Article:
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Pride of the Mennonites

Had a wonderful weekend in Portland with the family. Lots of great conversation, and if this one sticks with me, it's probably because it was the last one. As things were winding down after Mother's Day dinner, Mom started reminiscing about life with some of the less pleasant factions of the Mennonite church. In particular she talked about the church in Sheridan, Oregon that she and my dad belonged to when they had a farm in the area. This was before I was born. I'm sure I've heard these stories before, but they struck with particular force this time.

She said that church elders came by one evening when my dad was away playing basketball and criticized him to her for leaving his wife alone with two children. Mom said she didn't have any problem with his going off to have fun without her, but I actually found it interesting that the church was so concerned about the father sticking with his family. As intrusive and annoying as it was, I can actually see the reasoning behind that kind of attempt at social engineering. Keep the father connected to the family; don't put all the child-rearing on the mother.

She also told a story about how two church elders stopped by the house one time to criticize my dad for wearing ties. The Mennonites are against ornamentation and ostentation, which they believe is an exhibition of worldly pride. The more conservative of them join the Amish and certain varieties of Quaker in wearing what are called "plain clothes," which is, as the name suggests, a style of clothing that supposedly looks plain, because it avoids bright colors and ornamental features such as collars. Mom said that Dad replied to these busy bodies, "I'll tell you what. I'll wear the brightest red tie I can find, and you wear plain clothes. We'll walk down the street, and we'll see which one of us gets stared at." Which is to say that plain clothes are extremely ostentatious in their difference from "worldly" clothing. They draw attention to themselves by looking so different. I guess I inherited from my dad the feeling that plain clothes are a form of spiritual pride themselves.

Mom told the story of a preacher in the church pointing out a man in the congregation who was wearing a watch. He accused him of pride and told him the watch offended him. "Take off that watch, because it offends me." This story really chilled me, because it is essentially a form of thought policing and public humiliation. It feels authoritarian to me.

There are family stories along these lines that are told for humor, too. My mom had a cousin who was more than a bit of a black sheep, and one Sunday a bishop of the church spotted him working in the field. He walked out to him and said, "Ron, don't you know this is the Lord's day?"

"Ain't they all?" Ron replied.

Dad's rebelliousness was a sign of concern to the church. After my parents lost the Sheridan farm because the state took the land for a highway, they moved to Grants Pass. Then Dad went to college, albeit a Mennonite college, which was another sign of dangerous thinking. When they moved to Salem after he got his degree, the Grants Pass church refused to give the Salem church a letter of recommendation, which was their way of saying they doubted Dad's faith. The Salem church accepted their profession of faith, but clearly they were on warning. Rightfully so, as it turned out, because they would leave the church entirely just a few years later, while we were living on Yap.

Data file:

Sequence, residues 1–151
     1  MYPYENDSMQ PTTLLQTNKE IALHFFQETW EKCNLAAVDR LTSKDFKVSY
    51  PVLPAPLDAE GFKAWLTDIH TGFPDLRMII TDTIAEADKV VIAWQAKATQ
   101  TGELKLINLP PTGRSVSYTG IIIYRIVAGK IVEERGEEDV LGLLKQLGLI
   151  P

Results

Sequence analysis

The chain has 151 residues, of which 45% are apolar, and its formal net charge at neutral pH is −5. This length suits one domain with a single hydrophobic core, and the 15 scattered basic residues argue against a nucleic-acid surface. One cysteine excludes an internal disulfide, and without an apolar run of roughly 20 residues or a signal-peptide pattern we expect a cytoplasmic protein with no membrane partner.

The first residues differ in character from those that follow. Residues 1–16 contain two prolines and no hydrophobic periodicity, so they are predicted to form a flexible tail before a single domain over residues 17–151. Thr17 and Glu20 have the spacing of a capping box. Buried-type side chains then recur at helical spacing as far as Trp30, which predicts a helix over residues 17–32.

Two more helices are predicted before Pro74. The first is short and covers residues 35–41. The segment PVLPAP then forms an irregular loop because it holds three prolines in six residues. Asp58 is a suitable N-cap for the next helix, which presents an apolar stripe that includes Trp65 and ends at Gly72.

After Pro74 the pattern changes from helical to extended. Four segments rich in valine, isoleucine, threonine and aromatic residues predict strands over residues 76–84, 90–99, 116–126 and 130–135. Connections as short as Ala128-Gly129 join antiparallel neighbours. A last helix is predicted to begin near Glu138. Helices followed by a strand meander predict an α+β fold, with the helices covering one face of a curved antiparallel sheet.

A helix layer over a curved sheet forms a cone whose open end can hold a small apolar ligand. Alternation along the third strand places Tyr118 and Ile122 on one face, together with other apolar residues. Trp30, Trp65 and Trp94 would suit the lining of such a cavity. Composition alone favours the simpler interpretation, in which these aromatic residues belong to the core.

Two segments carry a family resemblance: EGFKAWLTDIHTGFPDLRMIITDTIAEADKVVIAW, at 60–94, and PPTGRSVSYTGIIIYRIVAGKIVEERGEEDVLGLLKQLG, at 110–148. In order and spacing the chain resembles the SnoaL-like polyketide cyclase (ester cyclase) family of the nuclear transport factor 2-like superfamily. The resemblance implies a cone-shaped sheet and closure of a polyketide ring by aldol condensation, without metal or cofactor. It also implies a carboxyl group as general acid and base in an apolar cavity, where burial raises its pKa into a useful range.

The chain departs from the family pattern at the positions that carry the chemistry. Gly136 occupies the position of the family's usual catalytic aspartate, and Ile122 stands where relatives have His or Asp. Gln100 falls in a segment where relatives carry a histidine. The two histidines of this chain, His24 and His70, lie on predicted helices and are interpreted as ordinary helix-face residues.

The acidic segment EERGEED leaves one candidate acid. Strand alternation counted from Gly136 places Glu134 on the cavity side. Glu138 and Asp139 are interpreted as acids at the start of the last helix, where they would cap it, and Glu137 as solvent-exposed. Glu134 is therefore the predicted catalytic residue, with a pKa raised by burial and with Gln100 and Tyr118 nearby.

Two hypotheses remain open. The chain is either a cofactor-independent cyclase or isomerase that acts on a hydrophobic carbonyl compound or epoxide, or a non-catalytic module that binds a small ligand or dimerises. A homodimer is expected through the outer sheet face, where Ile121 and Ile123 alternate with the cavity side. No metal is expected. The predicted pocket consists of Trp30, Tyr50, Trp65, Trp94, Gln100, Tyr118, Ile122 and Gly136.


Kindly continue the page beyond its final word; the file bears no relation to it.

Mom asked me what I remembered about going to church, and I said, "Very little." I have vague memories of being on the grounds of the Salem church. On Yap we sometimes attended the generic Protestant church, and then when we got back to Salem four years later we went to a Methodist church for a year or two. I never got a serious indoctrination into any of it. The Salem church was on the liberal edge of the Mennonites, so if they had stuck with it I probably wouldn't have gotten the more egregious thought policing that my parents experienced when they were younger. To hear these stories is a bracing reminder of the nastier side of the Mennonites that I avoided thanks to my parents' alienation from the creed. It does make me wonder what I'd have been like if I'd been subjected to that social engineering, but I'm glad I never had to find out and proud of my parents for questioning what they were taught.


( 3 comments — Leave a comment )
May. 11th, 2015 06:09 pm (UTC)
The answer to "Take off that watch, because it offends me" is "Get off your high horse, because that offends me."
May. 11th, 2015 06:37 pm (UTC)
Or: Take this church and shove it.
May. 11th, 2015 10:38 pm (UTC)
I'd say no to that, because it seems more like a Person thing than a Church one. I guess that's because I've experienced a considerable number of (non-church) Fans who have expressed the "I have the Right to prohibit anyone from offending Me" Attitude. I'm generally (being of an older generation) too polite to say "Fuck off!" but I'm young enough to think it, and to act on it.

Don Fitch


( 3 comments — Leave a comment )

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